So Greg goes through his days doing as little as possible, using his sense of humour to cover up the fact, I think, that he is insecure about his weight and his looks and his life (all totally relateable to anyone who has ever survived a difficult – or any –  high school  experience.) And then Rachel Kushner is re-introduced to his life.

Greg and Rachel had been sort-of friends when they were kids although Greg admits that he hadn’t been all that nice to her. Turns out Rachel has recently been diagnosed with leukemia and Greg’s mom calls in a favour – rally around Rachel.

Me and Earl and the Dying Girl is not a cancer book, though. It is a profane, often funny and honest look at a teenager on the cusp of adulthood who doesn’t get it…and then does. Despite a great family, Greg is sort of closed off to the world. He doesn’t know how to have authentic relationships even though he is clearly capable of them. He spends his time with Rachel making lame jokes, trying to divert the focus away from Rachel’s illness –  not for her benefit, but for his own.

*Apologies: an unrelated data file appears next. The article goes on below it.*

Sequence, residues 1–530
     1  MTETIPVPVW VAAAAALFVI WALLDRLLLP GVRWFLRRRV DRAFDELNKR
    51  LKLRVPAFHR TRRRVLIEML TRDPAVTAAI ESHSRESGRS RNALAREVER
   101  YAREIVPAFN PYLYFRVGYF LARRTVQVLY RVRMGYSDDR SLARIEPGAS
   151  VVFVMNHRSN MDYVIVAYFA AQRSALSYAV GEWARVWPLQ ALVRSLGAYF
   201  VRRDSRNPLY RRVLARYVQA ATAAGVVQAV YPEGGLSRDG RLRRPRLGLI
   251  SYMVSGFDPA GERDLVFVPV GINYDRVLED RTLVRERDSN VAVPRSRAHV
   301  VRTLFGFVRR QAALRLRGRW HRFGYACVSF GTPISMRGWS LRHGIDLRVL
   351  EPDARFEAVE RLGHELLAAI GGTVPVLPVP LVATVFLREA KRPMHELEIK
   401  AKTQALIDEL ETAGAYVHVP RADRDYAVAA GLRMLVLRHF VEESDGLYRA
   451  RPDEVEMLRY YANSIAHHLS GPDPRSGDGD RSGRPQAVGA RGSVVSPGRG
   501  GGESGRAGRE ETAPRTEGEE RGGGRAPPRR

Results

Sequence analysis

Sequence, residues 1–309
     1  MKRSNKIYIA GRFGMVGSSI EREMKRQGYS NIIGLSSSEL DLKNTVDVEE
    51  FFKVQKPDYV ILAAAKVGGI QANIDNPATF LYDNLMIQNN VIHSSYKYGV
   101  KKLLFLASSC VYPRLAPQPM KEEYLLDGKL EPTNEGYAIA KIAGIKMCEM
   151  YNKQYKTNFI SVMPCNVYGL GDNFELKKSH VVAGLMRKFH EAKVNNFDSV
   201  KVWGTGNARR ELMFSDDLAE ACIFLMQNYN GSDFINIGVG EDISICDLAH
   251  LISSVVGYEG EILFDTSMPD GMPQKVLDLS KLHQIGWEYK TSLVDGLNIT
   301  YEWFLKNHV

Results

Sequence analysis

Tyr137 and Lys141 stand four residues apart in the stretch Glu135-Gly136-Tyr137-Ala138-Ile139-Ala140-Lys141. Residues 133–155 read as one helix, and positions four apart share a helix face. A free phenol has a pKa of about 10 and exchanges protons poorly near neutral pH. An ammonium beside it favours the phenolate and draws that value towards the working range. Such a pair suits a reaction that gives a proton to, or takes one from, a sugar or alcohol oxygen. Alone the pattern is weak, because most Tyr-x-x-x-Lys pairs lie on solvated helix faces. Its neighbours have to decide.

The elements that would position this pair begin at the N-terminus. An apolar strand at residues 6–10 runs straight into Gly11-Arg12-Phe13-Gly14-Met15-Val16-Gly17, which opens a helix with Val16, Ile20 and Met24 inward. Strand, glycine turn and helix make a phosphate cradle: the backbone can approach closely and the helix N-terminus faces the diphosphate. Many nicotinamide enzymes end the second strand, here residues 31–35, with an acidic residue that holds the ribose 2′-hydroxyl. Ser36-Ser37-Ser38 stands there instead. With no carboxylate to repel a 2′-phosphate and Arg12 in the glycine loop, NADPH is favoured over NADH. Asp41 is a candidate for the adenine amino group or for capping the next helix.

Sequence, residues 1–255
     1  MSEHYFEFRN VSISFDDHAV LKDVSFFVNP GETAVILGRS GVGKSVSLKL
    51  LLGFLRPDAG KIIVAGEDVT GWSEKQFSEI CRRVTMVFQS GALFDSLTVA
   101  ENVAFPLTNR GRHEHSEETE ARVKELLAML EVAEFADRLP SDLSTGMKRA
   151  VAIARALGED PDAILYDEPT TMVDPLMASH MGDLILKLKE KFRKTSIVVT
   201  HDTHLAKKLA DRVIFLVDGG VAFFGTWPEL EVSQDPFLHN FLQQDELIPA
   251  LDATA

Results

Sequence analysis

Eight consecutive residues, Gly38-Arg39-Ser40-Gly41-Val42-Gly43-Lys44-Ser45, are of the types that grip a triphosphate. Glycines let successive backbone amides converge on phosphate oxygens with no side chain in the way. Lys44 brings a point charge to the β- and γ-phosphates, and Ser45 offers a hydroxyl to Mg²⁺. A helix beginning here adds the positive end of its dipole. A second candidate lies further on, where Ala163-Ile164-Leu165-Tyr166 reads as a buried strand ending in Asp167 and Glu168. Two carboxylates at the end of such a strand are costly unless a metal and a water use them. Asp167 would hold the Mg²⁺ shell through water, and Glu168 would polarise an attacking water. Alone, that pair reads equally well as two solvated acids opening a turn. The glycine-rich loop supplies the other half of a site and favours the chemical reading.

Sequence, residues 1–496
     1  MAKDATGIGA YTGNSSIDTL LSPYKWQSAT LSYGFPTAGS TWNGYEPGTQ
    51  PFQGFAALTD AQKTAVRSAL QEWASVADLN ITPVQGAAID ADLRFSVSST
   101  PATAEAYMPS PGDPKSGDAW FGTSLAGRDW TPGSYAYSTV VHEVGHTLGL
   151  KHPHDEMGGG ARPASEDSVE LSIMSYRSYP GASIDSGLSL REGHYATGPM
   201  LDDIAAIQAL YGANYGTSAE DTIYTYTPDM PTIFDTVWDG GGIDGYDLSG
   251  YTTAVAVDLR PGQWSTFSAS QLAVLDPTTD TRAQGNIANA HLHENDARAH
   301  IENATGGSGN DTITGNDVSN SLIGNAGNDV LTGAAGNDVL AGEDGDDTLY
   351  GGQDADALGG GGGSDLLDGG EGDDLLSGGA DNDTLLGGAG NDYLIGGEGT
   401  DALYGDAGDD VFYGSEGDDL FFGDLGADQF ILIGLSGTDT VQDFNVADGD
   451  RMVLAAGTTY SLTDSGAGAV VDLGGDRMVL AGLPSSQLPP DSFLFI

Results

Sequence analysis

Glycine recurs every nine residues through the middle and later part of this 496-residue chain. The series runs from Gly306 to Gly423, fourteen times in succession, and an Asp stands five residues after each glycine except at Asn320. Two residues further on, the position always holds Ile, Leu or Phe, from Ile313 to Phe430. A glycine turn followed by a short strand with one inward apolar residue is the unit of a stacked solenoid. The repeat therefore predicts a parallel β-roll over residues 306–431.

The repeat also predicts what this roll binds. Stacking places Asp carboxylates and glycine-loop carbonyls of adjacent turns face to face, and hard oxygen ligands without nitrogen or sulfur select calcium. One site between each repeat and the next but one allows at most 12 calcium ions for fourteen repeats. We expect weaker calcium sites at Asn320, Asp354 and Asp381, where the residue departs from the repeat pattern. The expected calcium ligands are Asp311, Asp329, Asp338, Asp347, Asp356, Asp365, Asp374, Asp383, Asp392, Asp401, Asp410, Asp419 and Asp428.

There is no way Greg is going to come away from spending time with “the dying girl” unscathed and he doesn’t. Mature readers won’t either.

I read this book as part of a program that lets teachers read books being considered for classrooms in New Brunswick. I do think this is a worthwhile and well-written book. My one caveat would be that there is a lot of swearing. A lot a lot. That said, as a high school teacher and a mom of teenagers I think we are fooling ourselves if we think kids don’t talk like this (not my kids, of course!). I think we do mature teens a disservice by leaving books like this off the shelf. I think some students will see themselves in Greg and Earl and it would be a shame not to give strong readers the opportunity to share time with them. I don’t believe in censorship anyway, but beyond that Me and Earl and the Dying Girl has real merit.